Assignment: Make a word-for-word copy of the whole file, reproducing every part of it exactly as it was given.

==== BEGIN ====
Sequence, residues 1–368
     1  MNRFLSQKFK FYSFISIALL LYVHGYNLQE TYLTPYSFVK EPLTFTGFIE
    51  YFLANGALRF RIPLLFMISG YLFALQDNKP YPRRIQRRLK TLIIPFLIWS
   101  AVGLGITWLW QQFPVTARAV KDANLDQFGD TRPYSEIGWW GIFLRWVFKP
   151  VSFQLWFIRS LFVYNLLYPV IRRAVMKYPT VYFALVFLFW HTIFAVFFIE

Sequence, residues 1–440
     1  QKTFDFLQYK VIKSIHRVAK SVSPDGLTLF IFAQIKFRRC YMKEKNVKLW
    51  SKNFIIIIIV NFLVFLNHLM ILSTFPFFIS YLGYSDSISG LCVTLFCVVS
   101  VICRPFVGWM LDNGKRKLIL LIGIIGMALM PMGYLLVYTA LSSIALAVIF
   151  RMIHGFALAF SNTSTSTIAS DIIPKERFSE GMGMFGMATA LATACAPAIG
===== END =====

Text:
Sequence, residues 1–368
     1  MNRFLSQKFK FYSFISIALL LYVHGYNLQE TYLTPYSFVK EPLTFTGFIE
    51  YFLANGALRF RIPLLFMISG YLFALQDNKP YPRRIQRRLK TLIIPFLIWS
   101  AVGLGITWLW QQFPVTARAV KDANLDQFGD TRPYSEIGWW GIFLRWVFKP
   151  VSFQLWFIRS LFVYNLLYPV IRRAVMKYPT VYFALVFLFW HTIFAVFFIE

Sequence, residues 1–440
     1  QKTFDFLQYK VIKSIHRVAK SVSPDGLTLF IFAQIKFRRC YMKEKNVKLW
    51  SKNFIIIIIV NFLVFLNHLM ILSTFPFFIS YLGYSDSISG LCVTLFCVVS
   101  VICRPFVGWM LDNGKRKLIL LIGIIGMALM PMGYLLVYTA LSSIALAVIF
   151  RMIHGFALAF SNTSTSTIAS DIIPKERFSE GMGMFGMATA LATACAPAIG